Hi,

It’s my first time posting on this forum so, first, I would like to thank the development team for the great work. I started to use Stan a few days ago and, as a total newbie, surprisingly I find it easier to use than PyMC.

Thanks to the outstanding documentation I have already successfully fitted some simple hierarchical model. Now I need to do something a little unorthodox, so I would like to seek some advice.

I’m working on a collection of Chinese manuscripts dating from the end of the IVth century B.C. These documents contain a lot of dates, which constitute of the official name of the year, the month and the position of the day in the sexagenary cycle – a sequence of 60 terms used to reckon the days. Because the months follow the lunar cycle, their relation to the sexagenary cycle is not straightforward: some months have only 29 days and sometimes an extra month can be added at the end of the year, so it’s not possible to infer the position of the day in the month (lunar cycle) directly from its position in the sexagenary cycle.

In order to reconstruct the calendar that was used by the people who wrote these documents, I would like for each date to find the probability distribution of beta the distance between the beginning of the month and the date, that is to say, the position the date in the lunar cycle.

Thanks to the sexagenary cycle, it’s possible to infer precisely the time span between two dates; for example, we know that there’s exactly (60 - 15) + 60 (one full cycle) + 41 = 146 days between the two dates below:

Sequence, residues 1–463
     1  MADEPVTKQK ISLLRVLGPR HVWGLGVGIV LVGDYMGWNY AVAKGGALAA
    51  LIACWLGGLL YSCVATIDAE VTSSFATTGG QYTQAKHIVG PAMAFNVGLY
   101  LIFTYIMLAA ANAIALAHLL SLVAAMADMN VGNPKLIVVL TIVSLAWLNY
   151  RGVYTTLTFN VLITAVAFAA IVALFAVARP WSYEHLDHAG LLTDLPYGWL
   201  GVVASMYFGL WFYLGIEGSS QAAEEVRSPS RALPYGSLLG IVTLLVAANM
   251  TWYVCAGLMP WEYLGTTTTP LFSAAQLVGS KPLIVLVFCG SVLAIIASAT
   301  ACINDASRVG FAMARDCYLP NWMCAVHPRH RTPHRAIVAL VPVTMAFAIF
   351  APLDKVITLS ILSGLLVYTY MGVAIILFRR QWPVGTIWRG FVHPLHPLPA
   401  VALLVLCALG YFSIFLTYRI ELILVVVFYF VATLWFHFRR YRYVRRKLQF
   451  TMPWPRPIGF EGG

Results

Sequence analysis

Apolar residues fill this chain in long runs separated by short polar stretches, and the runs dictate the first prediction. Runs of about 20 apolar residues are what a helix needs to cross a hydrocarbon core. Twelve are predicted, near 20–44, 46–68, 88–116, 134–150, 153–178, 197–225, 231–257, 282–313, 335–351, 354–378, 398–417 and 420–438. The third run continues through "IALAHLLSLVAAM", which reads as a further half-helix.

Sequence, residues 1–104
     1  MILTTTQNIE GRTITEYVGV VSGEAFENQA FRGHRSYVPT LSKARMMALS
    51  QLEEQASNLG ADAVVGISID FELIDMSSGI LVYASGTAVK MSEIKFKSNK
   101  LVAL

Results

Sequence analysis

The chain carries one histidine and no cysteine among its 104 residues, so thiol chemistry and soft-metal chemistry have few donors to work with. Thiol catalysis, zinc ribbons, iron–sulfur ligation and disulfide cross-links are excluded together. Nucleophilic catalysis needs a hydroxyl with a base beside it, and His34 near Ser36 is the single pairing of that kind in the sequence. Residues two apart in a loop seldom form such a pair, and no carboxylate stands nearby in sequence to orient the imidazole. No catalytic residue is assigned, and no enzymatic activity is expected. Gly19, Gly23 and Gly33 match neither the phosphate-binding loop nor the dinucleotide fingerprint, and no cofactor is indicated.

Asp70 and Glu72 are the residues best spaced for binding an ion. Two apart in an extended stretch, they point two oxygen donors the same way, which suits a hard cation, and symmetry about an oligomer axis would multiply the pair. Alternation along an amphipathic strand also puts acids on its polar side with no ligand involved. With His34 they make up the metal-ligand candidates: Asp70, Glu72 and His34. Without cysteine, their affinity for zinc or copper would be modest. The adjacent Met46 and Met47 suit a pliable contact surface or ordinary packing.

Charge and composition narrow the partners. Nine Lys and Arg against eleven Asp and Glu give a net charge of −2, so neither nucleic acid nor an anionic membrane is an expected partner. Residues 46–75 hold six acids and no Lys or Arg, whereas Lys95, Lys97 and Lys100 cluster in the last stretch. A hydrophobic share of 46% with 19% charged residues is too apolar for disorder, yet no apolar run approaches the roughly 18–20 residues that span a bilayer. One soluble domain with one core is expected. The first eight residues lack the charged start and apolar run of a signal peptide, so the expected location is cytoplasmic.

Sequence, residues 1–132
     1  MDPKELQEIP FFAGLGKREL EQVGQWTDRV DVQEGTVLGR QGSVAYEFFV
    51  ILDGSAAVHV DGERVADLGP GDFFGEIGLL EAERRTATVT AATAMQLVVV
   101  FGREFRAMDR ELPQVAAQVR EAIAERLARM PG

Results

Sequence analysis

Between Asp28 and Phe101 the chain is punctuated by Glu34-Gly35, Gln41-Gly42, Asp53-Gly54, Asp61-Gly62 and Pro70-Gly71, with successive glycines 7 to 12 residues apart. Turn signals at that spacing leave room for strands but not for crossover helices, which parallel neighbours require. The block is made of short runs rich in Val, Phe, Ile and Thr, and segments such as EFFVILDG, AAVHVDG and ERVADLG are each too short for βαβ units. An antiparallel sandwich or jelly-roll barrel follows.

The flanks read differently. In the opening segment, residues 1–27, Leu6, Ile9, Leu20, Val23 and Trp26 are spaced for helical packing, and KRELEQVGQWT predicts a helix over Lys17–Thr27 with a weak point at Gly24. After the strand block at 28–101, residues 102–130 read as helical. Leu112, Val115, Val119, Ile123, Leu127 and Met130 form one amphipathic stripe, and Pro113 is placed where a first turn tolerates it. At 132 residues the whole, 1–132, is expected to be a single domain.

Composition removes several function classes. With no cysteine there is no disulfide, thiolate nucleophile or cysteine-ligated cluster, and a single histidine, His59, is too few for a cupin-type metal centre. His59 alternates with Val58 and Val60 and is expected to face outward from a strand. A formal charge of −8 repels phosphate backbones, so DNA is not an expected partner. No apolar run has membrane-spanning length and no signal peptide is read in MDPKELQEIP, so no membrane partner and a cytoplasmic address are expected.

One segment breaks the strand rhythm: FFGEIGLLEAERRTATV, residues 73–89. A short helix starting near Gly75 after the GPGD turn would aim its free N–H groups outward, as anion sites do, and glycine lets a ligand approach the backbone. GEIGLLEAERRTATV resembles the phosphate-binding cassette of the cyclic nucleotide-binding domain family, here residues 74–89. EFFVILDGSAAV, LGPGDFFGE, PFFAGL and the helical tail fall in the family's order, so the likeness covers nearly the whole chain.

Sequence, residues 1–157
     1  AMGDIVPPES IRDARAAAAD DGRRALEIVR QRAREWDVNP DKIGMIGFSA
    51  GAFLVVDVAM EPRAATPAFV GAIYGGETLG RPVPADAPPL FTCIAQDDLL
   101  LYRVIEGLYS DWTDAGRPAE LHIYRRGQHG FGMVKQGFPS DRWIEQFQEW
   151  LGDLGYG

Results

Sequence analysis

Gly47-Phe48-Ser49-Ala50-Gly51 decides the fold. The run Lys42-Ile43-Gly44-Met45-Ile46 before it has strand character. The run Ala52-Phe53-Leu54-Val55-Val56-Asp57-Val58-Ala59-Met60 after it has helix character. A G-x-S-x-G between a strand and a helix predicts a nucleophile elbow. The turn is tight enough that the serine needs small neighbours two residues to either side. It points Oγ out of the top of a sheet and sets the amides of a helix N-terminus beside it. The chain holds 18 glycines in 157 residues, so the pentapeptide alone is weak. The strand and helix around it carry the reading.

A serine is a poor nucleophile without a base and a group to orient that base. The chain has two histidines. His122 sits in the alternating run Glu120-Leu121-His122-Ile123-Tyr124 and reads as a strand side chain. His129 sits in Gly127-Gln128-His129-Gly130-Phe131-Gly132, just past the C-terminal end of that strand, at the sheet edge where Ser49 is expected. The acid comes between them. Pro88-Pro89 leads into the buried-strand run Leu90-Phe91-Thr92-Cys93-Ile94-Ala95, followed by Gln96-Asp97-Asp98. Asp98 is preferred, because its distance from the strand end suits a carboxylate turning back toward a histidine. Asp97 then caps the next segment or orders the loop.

- first date: The year of Song, the 4th month, the 15th day of the sexagenary cycle.
- second date: The year of Song, the 9th month, the 41st day of the sexagenary cycle.

My approach is to model this time span, y, as the linear function of alpha, the number of day between the first date and the end of the month it belongs, the product of the number of days in a month and the number of months between the two dates, x, and a Gaussian error for the number of days between the beginning of the last month and the second date. Then I would like to transform alpha to get the distribution beta.

I randomly generated 100 dates replicating the dates of the manuscripts and I tested my model using the following Stan programme:

```
data {
int<lower=0> N;
vector[N] x;
vector[N] y;
}
parameters {
real<lower=14, upper=22> alpha;
real<lower=0> sigma;
}
model {
sigma ~ normal(0, 5);
y ~ normal(x * 30 + alpha, sigma);
}
```

Unfortunately, this model doesn’t work. Even when I use informative priors, the Gaussian error absorbs alpha. How can I prevent that? Does my approach make sense? Do you know a better way to get the distribution of beta?

Many thanks,

Colin